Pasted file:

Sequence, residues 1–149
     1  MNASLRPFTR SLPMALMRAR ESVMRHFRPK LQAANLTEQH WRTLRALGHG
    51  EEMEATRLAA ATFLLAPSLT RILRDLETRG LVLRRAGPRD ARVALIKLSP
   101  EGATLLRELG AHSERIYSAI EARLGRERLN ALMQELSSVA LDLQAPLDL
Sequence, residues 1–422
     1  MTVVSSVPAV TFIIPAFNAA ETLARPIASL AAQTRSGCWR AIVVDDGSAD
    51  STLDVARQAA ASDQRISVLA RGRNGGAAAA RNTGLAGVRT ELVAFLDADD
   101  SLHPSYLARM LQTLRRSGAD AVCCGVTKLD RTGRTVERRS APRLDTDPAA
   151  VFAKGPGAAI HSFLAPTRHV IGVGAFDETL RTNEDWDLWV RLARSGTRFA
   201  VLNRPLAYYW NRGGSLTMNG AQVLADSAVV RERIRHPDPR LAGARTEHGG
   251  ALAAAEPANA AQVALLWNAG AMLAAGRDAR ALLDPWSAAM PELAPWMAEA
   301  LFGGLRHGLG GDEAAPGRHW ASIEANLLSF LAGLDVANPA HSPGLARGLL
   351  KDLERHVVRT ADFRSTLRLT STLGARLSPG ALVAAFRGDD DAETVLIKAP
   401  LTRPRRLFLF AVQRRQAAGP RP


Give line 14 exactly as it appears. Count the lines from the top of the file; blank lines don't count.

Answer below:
   401  LTRPRRLFLF AVQRRQAAGP RP